Coping with Identity Theft

If you have recently been the victim of identity theft, the following tips are offered to assist you in resolving any problems associated with this crime. The names, addresses, and phone numbers of businesses and organizations that you might find useful are also listed.

If you fall prey to such crime, immediately contact the fraud units of the three credit reporting bureaus and all creditors with whom your name has been used fraudulently.

If you have checks stolen or bank accounts set up fraudulently, report it to the six check verification companies, stop payment on outstanding checks through your bank, cancel your checking and savings accounts and obtain new account numbers. Give the bank a secret password for your account (not your mother’s maiden name).

Write a form letter that can be mailed or faxed whenever you receive an inquiry about fraudulent checks written from your bank account. The letter should give a brief description of what happened, check numbers and check manufacturer (obtained from your bank), bank account number, case number (assigned by the police or law enforcement agency with jurisdiction), the name of the detective handling your case, and the name and phone number of the customer service representative at your bank.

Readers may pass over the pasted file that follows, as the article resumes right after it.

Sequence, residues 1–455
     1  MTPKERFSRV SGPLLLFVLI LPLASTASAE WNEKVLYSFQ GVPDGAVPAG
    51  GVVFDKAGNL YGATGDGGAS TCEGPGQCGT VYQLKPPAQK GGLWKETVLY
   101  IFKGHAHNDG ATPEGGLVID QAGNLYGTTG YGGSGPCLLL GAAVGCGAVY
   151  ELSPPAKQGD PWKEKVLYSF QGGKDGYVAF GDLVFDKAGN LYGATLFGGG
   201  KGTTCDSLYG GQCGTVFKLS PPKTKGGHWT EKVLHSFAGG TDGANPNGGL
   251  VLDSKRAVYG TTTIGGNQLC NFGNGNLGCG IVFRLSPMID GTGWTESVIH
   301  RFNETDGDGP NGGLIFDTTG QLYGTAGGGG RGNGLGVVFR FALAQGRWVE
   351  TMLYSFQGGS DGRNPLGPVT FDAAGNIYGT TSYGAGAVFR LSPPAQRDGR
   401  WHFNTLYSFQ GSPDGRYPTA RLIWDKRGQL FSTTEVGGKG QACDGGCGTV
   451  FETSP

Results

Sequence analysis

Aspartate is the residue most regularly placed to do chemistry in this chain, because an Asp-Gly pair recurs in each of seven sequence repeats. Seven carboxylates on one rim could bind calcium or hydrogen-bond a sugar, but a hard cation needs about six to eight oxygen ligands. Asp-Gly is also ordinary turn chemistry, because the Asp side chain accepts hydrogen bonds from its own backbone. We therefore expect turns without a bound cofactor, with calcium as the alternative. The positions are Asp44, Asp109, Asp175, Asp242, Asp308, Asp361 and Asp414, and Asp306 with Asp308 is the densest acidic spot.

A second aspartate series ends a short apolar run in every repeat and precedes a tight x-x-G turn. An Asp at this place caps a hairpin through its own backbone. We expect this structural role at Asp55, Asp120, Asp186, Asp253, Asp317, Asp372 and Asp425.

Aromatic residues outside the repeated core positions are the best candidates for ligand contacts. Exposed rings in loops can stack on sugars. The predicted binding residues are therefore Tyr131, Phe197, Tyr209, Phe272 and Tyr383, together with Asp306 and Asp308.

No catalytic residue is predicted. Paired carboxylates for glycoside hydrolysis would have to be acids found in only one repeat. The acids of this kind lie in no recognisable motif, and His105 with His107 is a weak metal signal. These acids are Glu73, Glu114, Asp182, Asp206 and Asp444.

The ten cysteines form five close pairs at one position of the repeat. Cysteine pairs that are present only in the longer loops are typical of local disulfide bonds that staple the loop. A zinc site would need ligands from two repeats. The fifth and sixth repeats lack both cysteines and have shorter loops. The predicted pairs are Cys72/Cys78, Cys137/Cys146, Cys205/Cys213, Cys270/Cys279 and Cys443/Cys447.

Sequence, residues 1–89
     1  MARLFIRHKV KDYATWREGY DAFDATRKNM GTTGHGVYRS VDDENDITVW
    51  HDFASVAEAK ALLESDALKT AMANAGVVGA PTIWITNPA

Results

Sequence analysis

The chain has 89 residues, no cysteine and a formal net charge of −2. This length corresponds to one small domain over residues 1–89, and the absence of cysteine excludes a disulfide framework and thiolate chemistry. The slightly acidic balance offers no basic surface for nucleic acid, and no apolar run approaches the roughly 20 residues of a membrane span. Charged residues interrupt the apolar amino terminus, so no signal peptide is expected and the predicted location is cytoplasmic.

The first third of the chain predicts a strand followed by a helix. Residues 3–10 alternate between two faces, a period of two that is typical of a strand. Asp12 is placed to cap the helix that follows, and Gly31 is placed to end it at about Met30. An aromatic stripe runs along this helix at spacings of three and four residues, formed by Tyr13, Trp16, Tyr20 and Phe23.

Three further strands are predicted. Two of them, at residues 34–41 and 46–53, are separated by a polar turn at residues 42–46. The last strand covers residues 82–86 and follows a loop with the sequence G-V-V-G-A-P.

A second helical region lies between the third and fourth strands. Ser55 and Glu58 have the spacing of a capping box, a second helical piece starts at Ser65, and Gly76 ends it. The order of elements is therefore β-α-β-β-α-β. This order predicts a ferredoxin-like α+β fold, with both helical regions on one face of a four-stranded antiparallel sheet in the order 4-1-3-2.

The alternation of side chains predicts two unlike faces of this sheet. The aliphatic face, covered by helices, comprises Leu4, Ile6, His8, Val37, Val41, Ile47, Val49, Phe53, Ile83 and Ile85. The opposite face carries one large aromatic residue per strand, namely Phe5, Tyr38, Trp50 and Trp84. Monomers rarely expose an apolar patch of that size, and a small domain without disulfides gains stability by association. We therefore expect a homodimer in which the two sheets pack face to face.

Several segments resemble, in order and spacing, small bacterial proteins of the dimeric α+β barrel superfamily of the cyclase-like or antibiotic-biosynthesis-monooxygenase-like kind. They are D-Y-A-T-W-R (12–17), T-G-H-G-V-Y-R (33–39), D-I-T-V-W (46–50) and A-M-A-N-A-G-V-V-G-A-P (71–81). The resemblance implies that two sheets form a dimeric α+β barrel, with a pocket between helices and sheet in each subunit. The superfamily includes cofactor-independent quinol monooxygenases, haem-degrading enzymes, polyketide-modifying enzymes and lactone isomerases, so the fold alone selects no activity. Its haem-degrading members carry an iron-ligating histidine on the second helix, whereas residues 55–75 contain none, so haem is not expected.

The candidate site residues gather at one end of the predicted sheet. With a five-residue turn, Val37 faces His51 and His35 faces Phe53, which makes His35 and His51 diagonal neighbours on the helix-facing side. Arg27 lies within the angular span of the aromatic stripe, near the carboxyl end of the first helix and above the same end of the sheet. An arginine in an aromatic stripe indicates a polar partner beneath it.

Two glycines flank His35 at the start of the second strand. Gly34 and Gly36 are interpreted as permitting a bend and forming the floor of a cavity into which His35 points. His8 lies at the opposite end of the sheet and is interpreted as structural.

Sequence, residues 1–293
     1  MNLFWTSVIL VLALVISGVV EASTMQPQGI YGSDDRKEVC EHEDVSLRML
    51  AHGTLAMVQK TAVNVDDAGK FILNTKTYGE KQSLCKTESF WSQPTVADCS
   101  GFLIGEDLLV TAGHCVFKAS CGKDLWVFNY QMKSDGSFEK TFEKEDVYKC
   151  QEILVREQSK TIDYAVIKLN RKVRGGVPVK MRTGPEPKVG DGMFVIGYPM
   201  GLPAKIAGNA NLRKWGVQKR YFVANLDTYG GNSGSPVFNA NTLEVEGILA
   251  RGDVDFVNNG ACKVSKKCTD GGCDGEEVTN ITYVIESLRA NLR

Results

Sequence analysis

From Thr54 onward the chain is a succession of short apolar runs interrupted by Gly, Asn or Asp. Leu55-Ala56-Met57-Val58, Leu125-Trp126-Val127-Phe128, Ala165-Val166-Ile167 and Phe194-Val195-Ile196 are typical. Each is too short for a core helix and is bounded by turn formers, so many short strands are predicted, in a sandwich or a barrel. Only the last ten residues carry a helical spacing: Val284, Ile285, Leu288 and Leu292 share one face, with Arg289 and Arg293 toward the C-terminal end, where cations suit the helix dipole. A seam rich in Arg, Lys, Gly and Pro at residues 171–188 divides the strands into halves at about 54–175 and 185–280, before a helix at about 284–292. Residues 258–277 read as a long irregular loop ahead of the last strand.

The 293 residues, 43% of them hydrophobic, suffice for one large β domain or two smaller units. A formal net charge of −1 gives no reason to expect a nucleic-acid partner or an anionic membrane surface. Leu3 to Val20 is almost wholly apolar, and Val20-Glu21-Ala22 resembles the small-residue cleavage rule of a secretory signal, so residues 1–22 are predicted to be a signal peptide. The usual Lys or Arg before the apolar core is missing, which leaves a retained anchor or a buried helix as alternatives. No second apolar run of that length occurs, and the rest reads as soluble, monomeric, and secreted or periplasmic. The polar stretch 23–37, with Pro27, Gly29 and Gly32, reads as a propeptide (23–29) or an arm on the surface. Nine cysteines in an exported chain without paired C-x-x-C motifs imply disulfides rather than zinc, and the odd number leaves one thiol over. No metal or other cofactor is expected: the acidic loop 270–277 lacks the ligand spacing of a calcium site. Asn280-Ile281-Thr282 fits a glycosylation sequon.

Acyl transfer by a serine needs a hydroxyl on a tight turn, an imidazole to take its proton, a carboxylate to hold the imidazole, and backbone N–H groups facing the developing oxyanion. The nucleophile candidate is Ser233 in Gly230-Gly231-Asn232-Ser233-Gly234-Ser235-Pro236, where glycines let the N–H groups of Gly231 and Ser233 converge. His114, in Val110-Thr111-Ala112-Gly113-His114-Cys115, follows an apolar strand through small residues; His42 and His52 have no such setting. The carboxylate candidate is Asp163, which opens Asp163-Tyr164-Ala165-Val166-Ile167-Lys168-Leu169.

If your ATM card has been stolen or compromised, get a new card, account number and password.

If someone has submitted a fraudulent change-of-address to the post office to illegally receive credit cards in your name, notify your Postal Inspector, find out where the fraudulent cards were sent, and tell the Postmaster for that address to forward all mail in your name to your own address. You may also need to talk to the mail carrier.

If someone else obtains your Social Security number, call the Social Security Administration (SSA). As a last resort, the SSA may allow you to change your number. If you have a passport, notify the passport office in writing to be on the lookout for anyone ordering a new passport using your Social Security number.

If your long distance calling card has been stolen, or you find fraudulent charges on your bill, cancel the account immediately and open a new one. Provide a password that must be used any time the account is changed.

If your driver’s license number is being misused – to write bad checks, for example – contact the Department of Motor Vehicles to see if another license has been issued in your name. If so, put a fraud alert on your license and request a new number immediately.